Saleh S Baeesa, Mohamad Bakhaidar, Mohammed A Almekhlafi, Tariq A Madani
BACKGROUND: Human immunodeficiency virus (HIV)-associated cerebral aneurysmal vasculopathy is a rare complication of HIV affecting pediatric and adult patients and has been the subject of many case reports and case series. METHODS: We performed a systematic literature search of PubMed, EMBASE, Scopus, Web of Science, Science Direct, and Google Scholar up to April 10, 2015. Our inclusion criteria encompassed all reported original case series and reports of HIV-associated cerebral aneurysms diagnosed radiologically...
March 2016: World Neurosurgery
Andrew T Hale, Chris T Longenecker, Ying Jiang, Sara M Debanne, Danielle E Labatto, Norma Storer, Anne Hamik, Grace A McComsey
OBJECTIVE: To determine the relationships between Krüppel-like factors (KLF) 2 and 4, immune-activation, and subclinical vascular disease in HIV-infected patients on antiretroviral therapy (ART). DESIGN: Double-blind, randomized, placebo-controlled trial. METHODS: We studied 74 HIV-infected adults on ART enrolled in a randomized clinical trial of statin therapy. KLF2 and KLF4 gene expression was measured by quantitative PCR from peripheral blood mononuclear cells (PBMCs) at baseline and after 24 weeks of 10 mg daily rosuvastatin or placebo...
August 24, 2015: AIDS
Mohamad G Bakhaidar, Naushad A Ahamed, Mohammed A Almekhlafi, Saleh S Baeesa
Human immunodeficiency virus (HIV) infection associated aneurysmal vasculopathy is a rare complication of HIV infection affecting the pediatric and adult population. We present a case of a 7-year-old male child known to have a congenitally acquired HIV infection presenting with a ruptured left distal internal carotid artery fusiform aneurysm that was diagnosed on MRI scans 6 months prior to his presentation. He underwent craniotomy and successful aneurysm reconstruction. He had uncomplicated postoperative course and experienced a good recovery...
July 2015: Neurosciences: the Official Journal of the Pan Arab Union of Neurological Sciences
Jayesh P Thawani, Nikhil R Nayak, Jared M Pisapia, Dmitriy Petrov, Bryan A Pukenas, Robert W Hurst, Michelle J Smith
BACKGROUND: Intracranial vasculopathy in adult patients with human-acquired immunodeficiency virus (HIV)/acquired immunodeficiency syndrome (AIDS) is a rare but increasingly recognized disease entity. OBJECTIVE: We aimed to contribute to and summarize the adult literature describing patients with HIV/AIDS who have intracranial vasculopathy. METHODS: A retrospective review of adult patients with HIV/AIDS undergoing diagnostic cerebral angiography at our institution from 2007-2013 was performed...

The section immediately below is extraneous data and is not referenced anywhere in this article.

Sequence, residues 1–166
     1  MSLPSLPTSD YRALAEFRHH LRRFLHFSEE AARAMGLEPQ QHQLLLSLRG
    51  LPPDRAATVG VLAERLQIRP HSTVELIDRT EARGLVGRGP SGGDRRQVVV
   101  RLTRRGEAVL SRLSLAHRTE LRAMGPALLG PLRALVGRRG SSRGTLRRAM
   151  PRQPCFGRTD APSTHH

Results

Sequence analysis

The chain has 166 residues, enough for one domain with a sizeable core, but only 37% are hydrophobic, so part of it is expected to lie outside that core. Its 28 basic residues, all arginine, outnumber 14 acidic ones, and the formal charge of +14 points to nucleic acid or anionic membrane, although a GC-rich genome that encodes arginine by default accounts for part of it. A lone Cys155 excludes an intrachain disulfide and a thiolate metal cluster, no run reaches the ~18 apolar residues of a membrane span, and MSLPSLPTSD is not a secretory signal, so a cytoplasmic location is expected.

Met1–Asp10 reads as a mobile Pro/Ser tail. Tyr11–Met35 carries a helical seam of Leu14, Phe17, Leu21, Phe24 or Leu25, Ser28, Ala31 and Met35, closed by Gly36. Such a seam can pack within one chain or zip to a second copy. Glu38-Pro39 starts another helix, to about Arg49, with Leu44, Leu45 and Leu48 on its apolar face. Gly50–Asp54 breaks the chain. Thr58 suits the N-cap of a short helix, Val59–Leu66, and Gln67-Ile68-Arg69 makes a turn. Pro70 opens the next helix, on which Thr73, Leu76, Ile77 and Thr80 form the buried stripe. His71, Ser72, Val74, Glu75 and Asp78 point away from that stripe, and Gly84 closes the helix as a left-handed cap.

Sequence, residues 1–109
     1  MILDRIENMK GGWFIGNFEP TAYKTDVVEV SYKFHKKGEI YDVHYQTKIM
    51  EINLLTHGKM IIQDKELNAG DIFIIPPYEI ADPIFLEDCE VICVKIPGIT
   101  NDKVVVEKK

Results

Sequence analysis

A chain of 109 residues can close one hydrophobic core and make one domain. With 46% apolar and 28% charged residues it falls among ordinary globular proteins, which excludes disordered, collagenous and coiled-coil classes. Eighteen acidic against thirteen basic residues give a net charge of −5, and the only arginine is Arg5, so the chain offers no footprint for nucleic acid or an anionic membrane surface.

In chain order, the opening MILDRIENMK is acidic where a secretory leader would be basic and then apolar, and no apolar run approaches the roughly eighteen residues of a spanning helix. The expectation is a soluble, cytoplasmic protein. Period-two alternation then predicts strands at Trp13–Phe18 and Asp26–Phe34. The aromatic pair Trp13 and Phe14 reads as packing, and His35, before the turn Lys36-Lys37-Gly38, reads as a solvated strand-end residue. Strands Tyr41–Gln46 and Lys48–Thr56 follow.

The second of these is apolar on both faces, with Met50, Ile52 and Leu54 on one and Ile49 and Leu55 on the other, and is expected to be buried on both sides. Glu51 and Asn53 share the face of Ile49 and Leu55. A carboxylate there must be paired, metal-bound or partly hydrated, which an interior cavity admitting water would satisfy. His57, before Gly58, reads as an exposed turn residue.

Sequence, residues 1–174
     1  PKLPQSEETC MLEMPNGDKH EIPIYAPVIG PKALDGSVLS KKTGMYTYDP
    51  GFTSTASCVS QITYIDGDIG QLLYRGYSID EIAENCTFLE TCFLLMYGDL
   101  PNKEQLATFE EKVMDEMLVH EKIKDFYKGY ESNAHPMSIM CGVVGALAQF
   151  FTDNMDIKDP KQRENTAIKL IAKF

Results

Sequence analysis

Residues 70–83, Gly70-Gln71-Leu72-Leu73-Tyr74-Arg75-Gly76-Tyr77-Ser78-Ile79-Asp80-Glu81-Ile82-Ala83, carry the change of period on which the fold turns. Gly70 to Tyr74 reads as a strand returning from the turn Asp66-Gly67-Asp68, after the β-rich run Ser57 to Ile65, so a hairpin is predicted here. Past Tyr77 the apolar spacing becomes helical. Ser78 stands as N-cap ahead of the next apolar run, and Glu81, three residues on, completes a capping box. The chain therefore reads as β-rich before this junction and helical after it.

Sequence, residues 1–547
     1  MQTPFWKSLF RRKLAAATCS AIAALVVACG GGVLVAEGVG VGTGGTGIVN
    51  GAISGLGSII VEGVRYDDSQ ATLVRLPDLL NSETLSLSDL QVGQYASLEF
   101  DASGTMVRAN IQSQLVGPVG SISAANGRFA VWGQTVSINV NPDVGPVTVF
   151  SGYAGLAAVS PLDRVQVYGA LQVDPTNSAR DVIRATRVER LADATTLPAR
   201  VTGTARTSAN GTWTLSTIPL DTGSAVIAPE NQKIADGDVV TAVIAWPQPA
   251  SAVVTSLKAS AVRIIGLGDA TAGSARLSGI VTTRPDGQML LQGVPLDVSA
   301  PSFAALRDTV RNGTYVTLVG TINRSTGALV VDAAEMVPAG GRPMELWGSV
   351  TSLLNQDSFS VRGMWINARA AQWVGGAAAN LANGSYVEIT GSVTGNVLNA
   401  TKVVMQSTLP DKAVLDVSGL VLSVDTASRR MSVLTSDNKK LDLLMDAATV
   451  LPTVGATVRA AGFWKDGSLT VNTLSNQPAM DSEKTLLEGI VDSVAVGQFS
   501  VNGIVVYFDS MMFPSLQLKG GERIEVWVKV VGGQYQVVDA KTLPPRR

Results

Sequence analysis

August 2015: Interventional Neuroradiology
Joseph B Cantey, Julide Sisman
Lenticulostriate vasculopathy (LSV) refers to increased echogenicity of the penetrating vessels that supply the basal ganglia and segments of the internal capsule seen on cranial ultrasound. Initially identified in infants with congenital infection, LSV has now been associated with a variety of infectious and non-infectious conditions. Although robust epidemiologic studies are lacking, the available evidence does not support broad evaluation for multiple congenital infections when LSV is identified. We propose screening infants with LSV for congenital cytomegalovirus infection and ensuring that prenatal screening included appropriate testing for syphilis, human immunodeficiency virus, and rubella-immune status...
July 2015: Early Human Development
Balasoobramanien Pillay, Pratistadevi K Ramdial, Datshana P Naidoo
An established relationship exists between human immunodeficiency virus (HIV) and the vascular system, which is characterised by clinical expressions of aneurysmal and occlusive disease that emanate from a common pathological process. The exact pathogenesis is currently unknown; attempts to implicate opportunistic pathogens have been futile. Theories converge on leucocytoclastic vasculitis with the vaso vasora as the vasculopathic epicentre. It is thought that the virus itself or viral proteins trigger the release of inflammatory mediators that cause endothelial dysfunction and smooth muscle proliferation leading to vascular injury and thrombosis...
March 2015: Cardiovascular Journal of Africa